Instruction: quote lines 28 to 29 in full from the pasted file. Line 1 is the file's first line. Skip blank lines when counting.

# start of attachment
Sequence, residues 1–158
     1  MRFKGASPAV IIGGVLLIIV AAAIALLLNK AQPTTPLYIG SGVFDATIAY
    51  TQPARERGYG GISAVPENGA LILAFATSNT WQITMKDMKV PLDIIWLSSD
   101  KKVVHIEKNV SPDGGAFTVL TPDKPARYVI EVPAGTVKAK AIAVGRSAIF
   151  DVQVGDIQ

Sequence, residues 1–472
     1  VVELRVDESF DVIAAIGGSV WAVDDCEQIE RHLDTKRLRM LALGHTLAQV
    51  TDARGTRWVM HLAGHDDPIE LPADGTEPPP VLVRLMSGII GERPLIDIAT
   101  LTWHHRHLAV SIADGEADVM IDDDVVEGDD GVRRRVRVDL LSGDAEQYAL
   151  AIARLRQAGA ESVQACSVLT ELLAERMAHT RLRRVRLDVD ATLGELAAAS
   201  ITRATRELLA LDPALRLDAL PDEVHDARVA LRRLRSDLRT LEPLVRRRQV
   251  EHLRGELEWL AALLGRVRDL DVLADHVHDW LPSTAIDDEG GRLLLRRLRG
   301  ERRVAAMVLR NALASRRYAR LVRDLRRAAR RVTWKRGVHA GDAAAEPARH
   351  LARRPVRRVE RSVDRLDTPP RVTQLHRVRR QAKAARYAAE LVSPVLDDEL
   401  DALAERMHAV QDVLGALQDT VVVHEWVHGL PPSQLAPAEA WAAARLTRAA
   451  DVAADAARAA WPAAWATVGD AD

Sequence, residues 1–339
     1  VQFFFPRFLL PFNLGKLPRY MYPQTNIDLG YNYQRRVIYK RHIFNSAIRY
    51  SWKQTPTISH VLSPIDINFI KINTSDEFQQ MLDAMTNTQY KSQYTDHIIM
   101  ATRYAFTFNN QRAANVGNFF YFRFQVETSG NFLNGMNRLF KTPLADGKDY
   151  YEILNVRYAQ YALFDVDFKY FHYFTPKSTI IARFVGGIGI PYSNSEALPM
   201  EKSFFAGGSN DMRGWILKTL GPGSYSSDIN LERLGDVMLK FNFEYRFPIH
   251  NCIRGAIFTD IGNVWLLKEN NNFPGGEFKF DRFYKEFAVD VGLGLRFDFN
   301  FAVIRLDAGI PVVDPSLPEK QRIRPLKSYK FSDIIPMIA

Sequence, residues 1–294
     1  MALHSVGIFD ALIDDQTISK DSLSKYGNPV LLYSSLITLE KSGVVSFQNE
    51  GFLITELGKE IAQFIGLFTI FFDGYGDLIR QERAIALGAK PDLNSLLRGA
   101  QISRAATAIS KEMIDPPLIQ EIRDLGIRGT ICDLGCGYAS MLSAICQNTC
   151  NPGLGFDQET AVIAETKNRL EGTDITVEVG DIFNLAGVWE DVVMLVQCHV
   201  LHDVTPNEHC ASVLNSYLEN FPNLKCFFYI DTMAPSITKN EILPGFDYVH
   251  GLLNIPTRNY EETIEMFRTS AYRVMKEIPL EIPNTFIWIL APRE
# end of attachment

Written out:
   101  QISRAATAIS KEMIDPPLIQ EIRDLGIRGT ICDLGCGYAS MLSAICQNTC
   151  NPGLGFDQET AVIAETKNRL EGTDITVEVG DIFNLAGVWE DVVMLVQCHV